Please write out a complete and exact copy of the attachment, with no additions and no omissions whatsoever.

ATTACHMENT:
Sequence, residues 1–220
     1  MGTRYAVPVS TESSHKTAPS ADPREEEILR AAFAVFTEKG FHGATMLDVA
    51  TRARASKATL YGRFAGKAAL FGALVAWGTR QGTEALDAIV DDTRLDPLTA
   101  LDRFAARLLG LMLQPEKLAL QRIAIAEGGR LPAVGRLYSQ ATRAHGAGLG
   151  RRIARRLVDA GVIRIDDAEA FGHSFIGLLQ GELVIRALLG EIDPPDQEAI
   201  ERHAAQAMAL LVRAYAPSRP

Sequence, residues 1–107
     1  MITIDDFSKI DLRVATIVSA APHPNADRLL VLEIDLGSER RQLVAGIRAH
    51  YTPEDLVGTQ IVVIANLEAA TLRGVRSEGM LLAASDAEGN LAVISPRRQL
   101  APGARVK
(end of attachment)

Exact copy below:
Sequence, residues 1–220
     1  MGTRYAVPVS TESSHKTAPS ADPREEEILR AAFAVFTEKG FHGATMLDVA
    51  TRARASKATL YGRFAGKAAL FGALVAWGTR QGTEALDAIV DDTRLDPLTA
   101  LDRFAARLLG LMLQPEKLAL QRIAIAEGGR LPAVGRLYSQ ATRAHGAGLG
   151  RRIARRLVDA GVIRIDDAEA FGHSFIGLLQ GELVIRALLG EIDPPDQEAI
   201  ERHAAQAMAL LVRAYAPSRP

Sequence, residues 1–107
     1  MITIDDFSKI DLRVATIVSA APHPNADRLL VLEIDLGSER RQLVAGIRAH
    51  YTPEDLVGTQ IVVIANLEAA TLRGVRSEGM LLAASDAEGN LAVISPRRQL
   101  APGARVK